Hatton continues “To be fair, some of the stone Wren was looking at had been in place for almost 500 years. However it is also clear that the limitations of Reigate Stone must have been known from an early date: there is, for example, in the orders for rebuilding Eton College Chapel in c.1453, the requirement “that neyther in the seid growndes ne walles schall in any wise be occupied Chalke Bryke ne Reygate stone otherwise y called Mestham stone but oonly of the stuffe before rehersed” … Actions could be taken to mitigate the disadvantages of Reigate Stone. One of these was to harden it by protecting it from the rain, frost and sun when first exposing it to the air … Wren himself was aware of this and his contract for the supply of Reigate Stone for St. Paul’s required the quarrymaster to “house & keep the same [i.e. the Reigate Stone] dry & fitt for good work” … Furthermore, on at least three occasions – the winters of 1681,1683 and 1684 – he had his carpenters “making Sheds to cover the Rygat stones from the weather” … He does not appear to have treated any other type of stone with this level of care. Another mitigating action was to use Reigate Stone selectively; clearly it was sensible to use it in positions where it was protected from the depredations of the weather. The most obvious such position is inside buildings and there are many examples of this. However, there were also other positions where the cover was deemed adequate: hence in Canterbury Cathedral nave “Reigate [Stone] is seen most commonly for occasional large blocks on the inside of the aisle walls, as well as for the external ashlar work on the outside of the north aisle wall (where it is under cover in the cloister). Very worn Reigate stone work can also be seen outside the north door into the west end of the north aisle … Until the mid seventeenth century this stonework was under cover in a lobby area …” 
And even closer to Clapton than St Pauls or Eton the Clapton church could have looked at The Tower of London. Michael Michette another Reigate Stone expert who has studied in detail the significant decay of Reigate Stone in the Tower of London states “Reigate Stone was used as a freestone across south-east England from the eleventh until the sixteenth century, contributing signiﬁcantly to the re-emergence of masonry architecture in Britain during this period… Freestones are stones used for ashlar and ornamental masonry. Suitable lithologies can be cut freely in any direction and worked easily with a chisel; they tend to be ﬁne-grained, soft and homogeneous. Whilst this makes them easy to sculpt, it can also make them prone to rapid decay”. 
Francis G Dimes in Building Conservation of Building and Decorative Stone notes of the use of Reigate Stone in London in the medieval period as “Despite its poor weathering properties it was extensively used in London because it was quarried nearby” 
And Elsden and Howe in their seminal ‘Stones of London’ state “This stone is, like the above, soft when first quarried but hardens on drying; but it has not proved a durable material in London, when it was extensively used in early times…. Mouldering remain of this stone can still be examined in parts of the Tower of London and Westminster Abbey, as well as St Bartholomew’s the Great in Smithfield”
So for whatever reason, a bad batch of stone, a failure to look after it or just that Reigate stone seems to decay anyway the decision was taken to reface the chapel and they choose Ancaster stone. It would not have been as white as the Reigate and chose not to use another white limestone like Portland, but it’s clearly an attractive stone and has lasted extremely well. Over 110 years later there are only 1 or 2 of the 1000s of blocks with any flaking, while at the back, the small section that was left and rendered over, the render has collapsed off, probably pulling stone of the stone with it and the Reigate Stone continues to flake, though, again, tbf it is now 150 years old.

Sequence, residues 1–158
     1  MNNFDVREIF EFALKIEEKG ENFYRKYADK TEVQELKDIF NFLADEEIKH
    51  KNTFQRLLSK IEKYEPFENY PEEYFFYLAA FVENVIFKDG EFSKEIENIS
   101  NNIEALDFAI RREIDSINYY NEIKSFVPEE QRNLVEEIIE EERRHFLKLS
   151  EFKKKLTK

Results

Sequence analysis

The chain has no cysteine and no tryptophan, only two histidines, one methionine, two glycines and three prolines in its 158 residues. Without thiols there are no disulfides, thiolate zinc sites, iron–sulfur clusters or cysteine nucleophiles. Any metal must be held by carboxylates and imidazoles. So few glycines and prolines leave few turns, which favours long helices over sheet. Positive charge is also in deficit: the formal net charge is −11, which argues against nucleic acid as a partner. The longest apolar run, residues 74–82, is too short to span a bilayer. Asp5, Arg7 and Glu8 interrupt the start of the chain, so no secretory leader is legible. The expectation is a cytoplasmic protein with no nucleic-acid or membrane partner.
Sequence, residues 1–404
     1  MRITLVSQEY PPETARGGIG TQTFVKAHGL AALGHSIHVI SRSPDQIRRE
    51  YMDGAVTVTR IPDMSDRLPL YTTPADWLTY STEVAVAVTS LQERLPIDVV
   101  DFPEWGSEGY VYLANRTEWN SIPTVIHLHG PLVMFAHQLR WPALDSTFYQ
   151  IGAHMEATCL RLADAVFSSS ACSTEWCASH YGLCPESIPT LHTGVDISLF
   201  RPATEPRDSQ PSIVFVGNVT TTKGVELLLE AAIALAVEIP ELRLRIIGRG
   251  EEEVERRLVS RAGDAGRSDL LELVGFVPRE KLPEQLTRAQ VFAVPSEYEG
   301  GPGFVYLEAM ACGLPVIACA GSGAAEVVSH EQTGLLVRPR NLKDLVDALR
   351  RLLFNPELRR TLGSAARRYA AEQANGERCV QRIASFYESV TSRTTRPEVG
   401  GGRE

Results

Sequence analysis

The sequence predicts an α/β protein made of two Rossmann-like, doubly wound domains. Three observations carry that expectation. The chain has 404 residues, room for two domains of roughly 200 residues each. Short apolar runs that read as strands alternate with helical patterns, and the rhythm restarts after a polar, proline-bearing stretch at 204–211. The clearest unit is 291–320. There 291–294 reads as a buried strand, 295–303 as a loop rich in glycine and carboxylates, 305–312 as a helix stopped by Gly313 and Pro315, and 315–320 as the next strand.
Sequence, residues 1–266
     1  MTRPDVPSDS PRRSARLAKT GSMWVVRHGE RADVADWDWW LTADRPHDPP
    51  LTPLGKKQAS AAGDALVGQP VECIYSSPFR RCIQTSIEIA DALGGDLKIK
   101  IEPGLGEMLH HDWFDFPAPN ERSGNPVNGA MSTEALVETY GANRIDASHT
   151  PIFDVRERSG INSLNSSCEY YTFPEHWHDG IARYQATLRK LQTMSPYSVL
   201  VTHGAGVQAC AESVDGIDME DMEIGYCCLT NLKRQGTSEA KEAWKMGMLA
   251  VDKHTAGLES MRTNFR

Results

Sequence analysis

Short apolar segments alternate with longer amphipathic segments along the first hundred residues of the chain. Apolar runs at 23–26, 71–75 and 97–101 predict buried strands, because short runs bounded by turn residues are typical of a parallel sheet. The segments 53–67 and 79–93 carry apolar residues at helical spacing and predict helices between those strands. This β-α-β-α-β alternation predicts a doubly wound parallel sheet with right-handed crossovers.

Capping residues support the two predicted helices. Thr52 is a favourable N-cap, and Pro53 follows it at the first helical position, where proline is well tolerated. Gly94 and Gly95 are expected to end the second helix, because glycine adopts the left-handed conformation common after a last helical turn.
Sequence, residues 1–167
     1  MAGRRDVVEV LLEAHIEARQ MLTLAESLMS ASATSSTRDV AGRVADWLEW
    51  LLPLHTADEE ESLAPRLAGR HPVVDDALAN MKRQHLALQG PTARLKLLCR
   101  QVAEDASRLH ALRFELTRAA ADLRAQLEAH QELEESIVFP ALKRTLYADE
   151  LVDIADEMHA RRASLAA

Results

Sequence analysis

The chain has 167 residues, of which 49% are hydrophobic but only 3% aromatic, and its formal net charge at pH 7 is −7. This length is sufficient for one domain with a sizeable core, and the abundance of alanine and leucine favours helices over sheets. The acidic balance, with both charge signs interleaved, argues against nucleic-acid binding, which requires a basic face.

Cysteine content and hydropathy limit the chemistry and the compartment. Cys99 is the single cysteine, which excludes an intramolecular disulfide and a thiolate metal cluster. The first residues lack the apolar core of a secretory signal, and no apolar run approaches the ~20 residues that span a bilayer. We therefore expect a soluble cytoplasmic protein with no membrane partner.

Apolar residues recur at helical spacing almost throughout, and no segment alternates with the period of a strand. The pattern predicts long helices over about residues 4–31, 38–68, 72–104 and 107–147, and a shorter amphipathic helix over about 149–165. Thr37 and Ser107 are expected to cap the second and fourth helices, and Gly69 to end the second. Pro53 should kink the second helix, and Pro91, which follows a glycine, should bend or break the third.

Building London will have future blog posts on the Clapton Round Chapel, particularly the incredible interior ironwork.
The Harries connection
The Building London blog is the work of a certain Glyn Harries and it would be remiss to note that it was another Harries (a name that is pretty rare and identified pretty rightly with Carmarthenshire / Sir Gaerfyrddin / Sir Gar ) who had the chapel refaced in 1906! The “Reverend Henry Harries…came to Clapton Park from Stockport in September, 1893. In his acceptance he had said “I was much interested in your Mission Stations (The Grove and Glyn Road) and to note your thought and care for the poor and needy in your neighbourhood. It will be my endeavour to foster these valuable agencies.” 
And big thanks to Phillip Lloyd at The Round Chapel for access and interest etc! Much appreciated!
The Round Chapel is in Clapton, on Lower Clapton Road in between Glenarm Road and Powerscroft Road.
Easy access via public transport, buses stop outside and it’s not far from Hackney Central or Hackney Downs train stations on the London Overground or Liverpool Street lines. You can see the building fairly easily from the pavement and gates are often open. The old original Reigate Stone can be seen from Glenarm Road but not close up.
References  http://glebestone.com/stpancras.html
 Volume 10, Hackney, ed. T F T Baker (London, 1995), pp. 130-144. British History Online
 The Stones of London: a Descriptive Guide to the Principal Stones Used in London, With a Brief Non-Technical Account of Their Characteristic Features, 1923 James Vincent Elsden & John Allen Howe